I love researching facts and interesting points of obscure history. It’s fun and useful, but it can also be a trap.
It’s been both this week as I research and continue to add to my novel. For example, at one point I was writing about my story’s hero hiking through the woods. I thought, one obstacle he could face is blisters. Which got me thinking about shoes.
Now most of us just go to the store and buy shoes. That’s not so easy in my novel’s world as it is recovering from a number of disasters that have left my hero in a place that doesn’t have a shoe factory.
So I opened up a ton windows in my browser and started checking stuff out. First what are shoes made of? Some are leather, some rubber, and some an unknown material know only to chemical companies. It seemed reasonable to assume that leather would be a likely material as you can get that from animals.
But, it turns out that you just don’t kill a cow and cut bits up for shoes. The hides have to be tanned – a process that can happen in many ways. I discovered at least four different methods. Two methods are possible in my world and a third probable if I can just find a source for chromium sulfate. Let me assure you that the YouTube videos on the subject are not pleasant to watch – at least the one I started to watch seemed like it was heading that way.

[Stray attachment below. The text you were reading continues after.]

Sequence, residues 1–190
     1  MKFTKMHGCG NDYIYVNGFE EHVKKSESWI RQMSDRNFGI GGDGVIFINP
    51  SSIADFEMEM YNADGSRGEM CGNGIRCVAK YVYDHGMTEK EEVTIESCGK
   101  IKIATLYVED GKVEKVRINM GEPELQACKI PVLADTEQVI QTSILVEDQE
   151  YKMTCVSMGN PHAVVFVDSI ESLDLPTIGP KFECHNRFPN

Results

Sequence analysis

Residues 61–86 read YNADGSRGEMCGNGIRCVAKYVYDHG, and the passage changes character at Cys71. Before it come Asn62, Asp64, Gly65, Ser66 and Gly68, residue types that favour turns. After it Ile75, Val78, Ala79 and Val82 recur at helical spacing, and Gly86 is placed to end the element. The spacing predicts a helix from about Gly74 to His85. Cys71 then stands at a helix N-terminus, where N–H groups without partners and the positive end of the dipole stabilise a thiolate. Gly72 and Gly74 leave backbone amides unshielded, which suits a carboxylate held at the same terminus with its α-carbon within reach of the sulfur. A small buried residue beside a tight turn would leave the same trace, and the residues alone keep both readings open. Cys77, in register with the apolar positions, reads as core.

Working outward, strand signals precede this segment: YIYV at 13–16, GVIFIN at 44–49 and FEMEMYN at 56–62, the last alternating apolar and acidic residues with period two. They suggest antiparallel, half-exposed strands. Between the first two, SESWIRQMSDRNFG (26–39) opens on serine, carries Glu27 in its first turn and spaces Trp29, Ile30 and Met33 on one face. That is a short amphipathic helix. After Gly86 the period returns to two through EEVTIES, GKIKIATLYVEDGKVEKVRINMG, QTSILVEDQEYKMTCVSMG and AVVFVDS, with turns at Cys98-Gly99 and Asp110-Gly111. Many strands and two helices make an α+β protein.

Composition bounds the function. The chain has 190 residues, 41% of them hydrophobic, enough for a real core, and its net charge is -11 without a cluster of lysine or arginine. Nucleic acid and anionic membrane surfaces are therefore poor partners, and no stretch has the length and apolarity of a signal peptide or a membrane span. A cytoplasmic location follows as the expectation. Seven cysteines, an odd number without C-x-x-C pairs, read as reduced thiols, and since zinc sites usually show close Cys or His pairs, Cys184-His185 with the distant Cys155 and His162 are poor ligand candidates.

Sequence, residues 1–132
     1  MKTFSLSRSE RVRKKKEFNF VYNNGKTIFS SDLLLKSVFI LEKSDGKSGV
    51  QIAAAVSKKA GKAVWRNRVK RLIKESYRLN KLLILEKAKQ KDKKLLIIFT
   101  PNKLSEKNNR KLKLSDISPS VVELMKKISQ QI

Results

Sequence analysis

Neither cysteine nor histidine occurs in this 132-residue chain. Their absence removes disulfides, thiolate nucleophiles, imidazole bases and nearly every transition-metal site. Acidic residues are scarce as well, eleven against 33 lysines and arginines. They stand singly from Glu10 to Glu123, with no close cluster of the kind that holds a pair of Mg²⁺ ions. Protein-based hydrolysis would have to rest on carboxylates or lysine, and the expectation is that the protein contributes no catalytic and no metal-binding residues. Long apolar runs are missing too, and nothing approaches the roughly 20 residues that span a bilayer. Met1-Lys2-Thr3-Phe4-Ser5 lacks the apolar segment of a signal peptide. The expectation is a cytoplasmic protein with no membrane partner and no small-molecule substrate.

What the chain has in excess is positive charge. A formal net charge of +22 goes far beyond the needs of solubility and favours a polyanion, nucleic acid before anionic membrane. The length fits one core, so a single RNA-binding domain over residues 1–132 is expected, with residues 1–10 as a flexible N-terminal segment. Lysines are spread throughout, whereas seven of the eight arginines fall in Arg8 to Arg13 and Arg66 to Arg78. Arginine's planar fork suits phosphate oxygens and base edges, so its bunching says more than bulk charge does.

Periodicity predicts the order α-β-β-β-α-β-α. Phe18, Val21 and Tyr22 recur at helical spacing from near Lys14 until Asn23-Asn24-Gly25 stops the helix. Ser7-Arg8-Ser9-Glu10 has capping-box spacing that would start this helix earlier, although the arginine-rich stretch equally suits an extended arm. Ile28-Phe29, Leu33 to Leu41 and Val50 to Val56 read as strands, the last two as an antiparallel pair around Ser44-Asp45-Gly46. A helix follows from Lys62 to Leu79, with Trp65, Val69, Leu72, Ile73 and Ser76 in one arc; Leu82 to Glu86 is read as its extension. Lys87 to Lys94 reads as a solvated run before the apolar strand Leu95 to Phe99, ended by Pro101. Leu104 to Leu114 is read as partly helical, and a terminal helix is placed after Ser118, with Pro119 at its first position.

Sadly, the central California coastal area seems to lack chromium mines, wells, pits or where ever the stuff comes from, so it’s likely my hero’s boots are likely tanned using tannins from the tan oak trees that are native to the area.
Naturally, after all that research, I decided that my hero’s journey was really being slowed down because he twisted his ankle after falling over a rock – way more dramatic than a blister.
And so it goes, three words to an hour of research. At this rate my book will be completed sometime around 2032.
I have to cut this essay short as I need to confirm the probability of a 9.1 earthquake with a resulting tsunami in the Santa Barbara Channel within the next 200 years. The right answer gets me two whole sentences in my novel.
Till next week,